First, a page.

Stack is a linear data structure where insertion and deletion of items takes place at one end (i.e. the top), which is known as LIFO - Last In First Out.

Here is a structural definition of stack (which is quite interesting):

A stack is a recursive data structure.
It is either empty or it consists of a top and the rest of which is a stack.

There are three basic operations performed on stack:

• push: add an item to the top of the stack
• pop: remove the item on the top of the stack

A stack can be implemented through an array or a linked list. The key is to maintain the index of the top element.

Applications of stack include:

• DFS and backtracking due to its support for recursion
• evaluating expressions
• undo operations

The rest of this post will be focused on the applications.

## Min stack

155. Min Stack: design a stack that supports retrieving the minimum element in constant time.

It is an interesting problem. A straightforward solution is to use an extra stack to maintain the minimum element for each new element that is pushed into the stack, but it doubles the space complexity. How can we solve the problem without using extra space?

Instead of storing the raw number in the stack, we can store the difference between the raw number and the current minimum number. The trick is that the difference is negative if the raw number is less than the current minimum number, and this is how we decide whether to update the minimum number when an element is popped out. ## Evaluating expression

To simplify the problem, the expression only contains positive integers, +, -, *, - and ().

An expression can be represented using a binary tree, with the operators as the non-leaf nodes and the operands as the leaf nodes, and brackets are not required in the binary tree. To evaluate an expression, we can start from the leaf nodes and move upwards, exactly the same as we traverse a binary tree according to post-order.

However, maintaining a binary tree is too much in this case. Instead, we can directly convert an expression to a postfix expression (aka. Reverse Polish Notation) and then evaluate the postfix expression.

For example, the postfix expression of (2+3)\(7-4)+9-6/3 is 23+74-*9+63/-*. This can be done by using a queue and a stack - a queue for storing the postfix expression and a stack for storing the operators. It takes only one scan of the expression:

• if it is a number, add it to the queue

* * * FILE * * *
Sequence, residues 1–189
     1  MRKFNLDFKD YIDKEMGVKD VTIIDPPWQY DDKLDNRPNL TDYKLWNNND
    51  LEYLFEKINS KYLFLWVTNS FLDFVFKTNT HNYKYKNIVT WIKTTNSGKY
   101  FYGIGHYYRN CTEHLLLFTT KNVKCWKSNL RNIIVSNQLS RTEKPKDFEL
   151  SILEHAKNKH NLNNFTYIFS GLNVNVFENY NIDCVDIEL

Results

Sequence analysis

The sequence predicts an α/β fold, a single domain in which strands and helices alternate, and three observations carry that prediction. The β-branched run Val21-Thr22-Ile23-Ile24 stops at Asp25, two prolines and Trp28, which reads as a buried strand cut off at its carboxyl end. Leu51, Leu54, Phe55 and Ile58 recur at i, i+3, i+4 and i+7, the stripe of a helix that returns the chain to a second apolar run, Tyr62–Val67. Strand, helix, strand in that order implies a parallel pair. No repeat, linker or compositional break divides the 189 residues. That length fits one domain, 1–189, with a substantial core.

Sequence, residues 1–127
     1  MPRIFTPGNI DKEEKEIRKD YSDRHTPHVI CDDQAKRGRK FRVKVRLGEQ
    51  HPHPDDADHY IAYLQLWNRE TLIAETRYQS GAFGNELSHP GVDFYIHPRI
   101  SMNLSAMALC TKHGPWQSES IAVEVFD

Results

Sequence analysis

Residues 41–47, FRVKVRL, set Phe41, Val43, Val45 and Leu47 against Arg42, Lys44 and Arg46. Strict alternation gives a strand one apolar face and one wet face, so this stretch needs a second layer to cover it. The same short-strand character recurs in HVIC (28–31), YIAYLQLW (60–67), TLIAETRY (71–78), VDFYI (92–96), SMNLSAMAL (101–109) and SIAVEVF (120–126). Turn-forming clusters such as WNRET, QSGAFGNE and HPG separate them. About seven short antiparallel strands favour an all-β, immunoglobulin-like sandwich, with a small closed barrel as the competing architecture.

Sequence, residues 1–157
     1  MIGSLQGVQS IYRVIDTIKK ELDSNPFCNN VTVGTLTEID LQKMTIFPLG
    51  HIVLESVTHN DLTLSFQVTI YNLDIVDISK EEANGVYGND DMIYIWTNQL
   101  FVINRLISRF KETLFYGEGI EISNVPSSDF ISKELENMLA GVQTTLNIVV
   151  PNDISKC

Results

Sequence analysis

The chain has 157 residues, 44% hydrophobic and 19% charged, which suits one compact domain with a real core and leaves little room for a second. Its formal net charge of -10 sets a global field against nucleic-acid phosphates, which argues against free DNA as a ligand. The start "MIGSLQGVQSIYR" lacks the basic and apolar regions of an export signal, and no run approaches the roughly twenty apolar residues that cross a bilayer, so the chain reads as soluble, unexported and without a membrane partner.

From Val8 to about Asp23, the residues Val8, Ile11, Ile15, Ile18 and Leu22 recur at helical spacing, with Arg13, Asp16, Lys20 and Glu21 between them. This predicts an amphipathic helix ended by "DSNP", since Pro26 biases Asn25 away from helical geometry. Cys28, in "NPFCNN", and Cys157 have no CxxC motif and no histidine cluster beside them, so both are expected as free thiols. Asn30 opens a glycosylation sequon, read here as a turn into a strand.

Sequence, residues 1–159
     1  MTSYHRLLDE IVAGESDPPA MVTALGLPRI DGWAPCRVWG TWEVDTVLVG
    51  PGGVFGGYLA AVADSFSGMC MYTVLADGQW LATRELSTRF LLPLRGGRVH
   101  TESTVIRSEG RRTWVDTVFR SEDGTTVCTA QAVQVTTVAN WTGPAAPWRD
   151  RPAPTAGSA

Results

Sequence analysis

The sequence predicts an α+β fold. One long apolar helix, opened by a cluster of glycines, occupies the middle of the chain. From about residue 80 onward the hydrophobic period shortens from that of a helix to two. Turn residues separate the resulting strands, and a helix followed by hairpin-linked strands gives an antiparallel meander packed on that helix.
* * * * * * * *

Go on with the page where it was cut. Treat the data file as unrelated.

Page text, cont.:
• if it is a ‘(‘, push it into the stack
• if it is a ‘)’, pop out the operators from the stack until ‘(‘, and add them to the queue
• if it is a ‘*‘ or ‘/‘, pop out the operators (‘*‘ or ‘/‘) from the stack, and add them to the queue, push the new operator into the stack
• if it is a ‘+’ or ‘-‘, pop out the operators from the stack until ‘(‘, and add them to the queue, push the new operator into the stack

The evaluation of the postfix expression is easy with the help of the stack - a stack for storing the numbers and a stack for storing the postfix expression (because the elements are fetched from the head), but after the conversion the postfix expression is stored in a queue. Do we need to get the elements from the queue and push them into the stack? The answer is no. Let me introduce Deque in Java Collections here. It is a data structure which can be serveed as both a queue and a stack. The evaluation takes only one scan of the postfix stack as well:

• if it is a number, push it into the number stack
• if it is an operand, pop two numbers from the number stack, do the math and then push the result into the number stack
• the number left in the number stack is the final result

Here is an implementation of evaluating an infix expression:

As you may notice, the deque for storing post fix expression is an intermediate result. We can save the effort of building such a deque; instead, it is enough for the evaluation to use two stacks - one stack for numbers and the other for operators. The process takes only one scan as well:

• if it is a number, add it to the number stack
• if it is a ‘(‘, push it into the operator stack
• if it is a ‘)’, pop out the operators from the operator stack until ‘(‘, do the math and push the result into the number stack
• if it is a ‘*‘ or ‘/‘, pop out the operators (‘*‘ or ‘/‘) from the operator stack, do the math and push the result into the number stack; push the new operator into the operator stack
• if it is a ‘+’ or ‘-‘, pop out the operators from the operator stack until ‘(‘, do the math and push the result into the number stack; push the new operator into the operator stack

## Valid parentheses

Stack is born for handling problems relating to brackets, like this simple one 20. Valid Parentheses.

Here is a tough one 32. Longest Valid Parentheses, which is worth a try.

My idea is to make use of two stacks:

• Stack1: maintain the index of ‘(‘, if there is a matching ‘)’, then pop this out ‘(‘
• Stack2: maintain the start index and the ending index of the longest valid parentheses; merge the adjacent valid parentheses, e.g. ()(), (())

I learned from the Discuss-solution-using-a-stack) that it can be solved using only one stack. The idea is to keep the index of the unmatched parathesis in the stack.